And in other news from SCOTUS today:
Lying is now a federally protected activity when running for office. The case in question involved a politician and his false claim of military heroism, but the reach of the Supreme Court ruling is much greater. The result appears to speed the demise of free and fair elections that began with the infamous Citizens United decision that allowed for unlimited corporate graft to campaigns. Now politicians can lie with impunity AND raise unlimited funds from single corporation sponsors. What could possibly go wrong?
From MSNBC.com article today:
The case involved Xavier Alvarez who was an elected member of the Three Valleys Municipal Water District Board in Pomona, California. In 2007 Alvarez said at a public water district board meeting that he was a retired Marine, had been “wounded many times,” and had been “awarded the Congressional Medal of Honor” in 1987.
In fact, he had never served in the United States armed forces.
He pleaded guilty to violating the Stolen Valor Act, but claimed that his false statements were protected by the First Amendment right of free speech.
The Stolen Valor Act has criminal penalties for making false claims about one’s personal military history, a common practice among the ambitious and conscious-free running for public service positions. Unfortunately, “going to Hell” is not one of the criminal penalties outlined in the statute, although it should be if you falsely claim war injuries.
In what conservatives would call “an ironic twist”, the Obama administration defended the telling of truth, at least as it relates to running for office. (Once elected to office, the administration argues that false statements “happen”). They argued before the justices that if Mr. Alvarez was not punished for his lie, it would “make the public skeptical of all claims to have received awards….” As if we already were not skeptical of any politician’s claim of valor, courage, and commitment to a Higher Purpose.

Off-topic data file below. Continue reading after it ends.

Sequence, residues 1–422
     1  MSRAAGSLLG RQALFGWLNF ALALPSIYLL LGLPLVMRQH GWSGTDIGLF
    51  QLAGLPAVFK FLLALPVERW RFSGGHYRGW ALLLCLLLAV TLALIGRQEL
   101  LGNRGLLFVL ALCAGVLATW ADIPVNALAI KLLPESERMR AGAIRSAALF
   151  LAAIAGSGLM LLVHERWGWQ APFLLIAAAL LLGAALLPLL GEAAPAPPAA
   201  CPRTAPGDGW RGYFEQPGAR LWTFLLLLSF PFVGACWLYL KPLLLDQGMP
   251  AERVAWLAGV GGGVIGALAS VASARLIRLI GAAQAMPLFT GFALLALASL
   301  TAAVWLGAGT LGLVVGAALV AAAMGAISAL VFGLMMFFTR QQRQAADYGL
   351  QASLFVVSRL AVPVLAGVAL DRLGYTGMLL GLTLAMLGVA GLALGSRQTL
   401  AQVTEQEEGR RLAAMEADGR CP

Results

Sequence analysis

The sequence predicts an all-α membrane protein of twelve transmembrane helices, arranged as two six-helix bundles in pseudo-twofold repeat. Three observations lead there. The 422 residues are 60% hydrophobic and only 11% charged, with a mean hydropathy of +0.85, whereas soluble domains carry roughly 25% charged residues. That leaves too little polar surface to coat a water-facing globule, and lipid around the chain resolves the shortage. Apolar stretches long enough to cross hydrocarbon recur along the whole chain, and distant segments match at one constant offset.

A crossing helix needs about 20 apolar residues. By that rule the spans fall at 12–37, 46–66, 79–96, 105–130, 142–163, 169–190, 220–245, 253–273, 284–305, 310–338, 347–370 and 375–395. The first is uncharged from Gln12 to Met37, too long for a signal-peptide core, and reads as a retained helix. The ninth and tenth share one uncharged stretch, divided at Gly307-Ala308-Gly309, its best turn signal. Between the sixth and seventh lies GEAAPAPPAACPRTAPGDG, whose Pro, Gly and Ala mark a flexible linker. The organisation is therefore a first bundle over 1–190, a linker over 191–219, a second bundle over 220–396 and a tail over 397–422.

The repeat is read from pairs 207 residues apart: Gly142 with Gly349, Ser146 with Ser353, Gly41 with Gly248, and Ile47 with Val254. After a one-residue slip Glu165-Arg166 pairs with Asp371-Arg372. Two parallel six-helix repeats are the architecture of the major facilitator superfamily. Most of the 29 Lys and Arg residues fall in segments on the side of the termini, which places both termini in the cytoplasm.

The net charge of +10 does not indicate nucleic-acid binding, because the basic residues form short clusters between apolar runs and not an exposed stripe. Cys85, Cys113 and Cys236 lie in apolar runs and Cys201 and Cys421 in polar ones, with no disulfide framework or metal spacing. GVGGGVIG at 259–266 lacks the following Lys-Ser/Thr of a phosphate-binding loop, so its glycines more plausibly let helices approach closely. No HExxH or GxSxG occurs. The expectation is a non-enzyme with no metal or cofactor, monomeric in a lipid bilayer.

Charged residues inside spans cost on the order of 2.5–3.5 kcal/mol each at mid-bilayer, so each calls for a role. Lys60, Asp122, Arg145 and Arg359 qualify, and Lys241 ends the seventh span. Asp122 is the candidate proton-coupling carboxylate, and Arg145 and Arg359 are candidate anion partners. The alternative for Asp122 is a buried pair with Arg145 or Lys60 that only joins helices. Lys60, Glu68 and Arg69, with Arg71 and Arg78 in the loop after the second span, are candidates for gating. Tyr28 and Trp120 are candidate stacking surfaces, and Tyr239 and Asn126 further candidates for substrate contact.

Alvarez’s lawyers contended that the Frist Amendment freedom of speech protected “exaggerated anecdotes, barroom braggadocio, and cocktail party puffery”, or in other words, campaign stump speeches. The fine line between “barroom braggadocio” and a pledge to lower taxes, cut spending, create jobs and increase the defense budget simultaneously is dangerously thin, and according to the Supreme Court, needed to be protected.
Liberals were devastated by the ruling, but the validation of the individual mandate during the same session tempered the gloom. The only downside for conservatives will be that when the Ten Commandments are posted in courthouses, Amendment #6, “Thou Shalt Not Bear False Witness” must be stricken with White Out. According to the Supreme Court, bear falsely all you like! So both sides have a right to complain, although we can’t know if either side is really disappointed in the ruling since they could be lying. We’ll never know.
After the victory in court, a newly emboldened Alvarez said at his Water Board meeting (not to be confused with a “waterboarding meeting”, also legal) that he can finally tell the story about the fish that got away without fear of government retribution.
“Seriously, it was this big!” he said, holding his arms as far apart as possible. “Trust me.” A story like that has GOT to be true.
So SCOTUS was one out of two today. Not a bad record for a Thursday.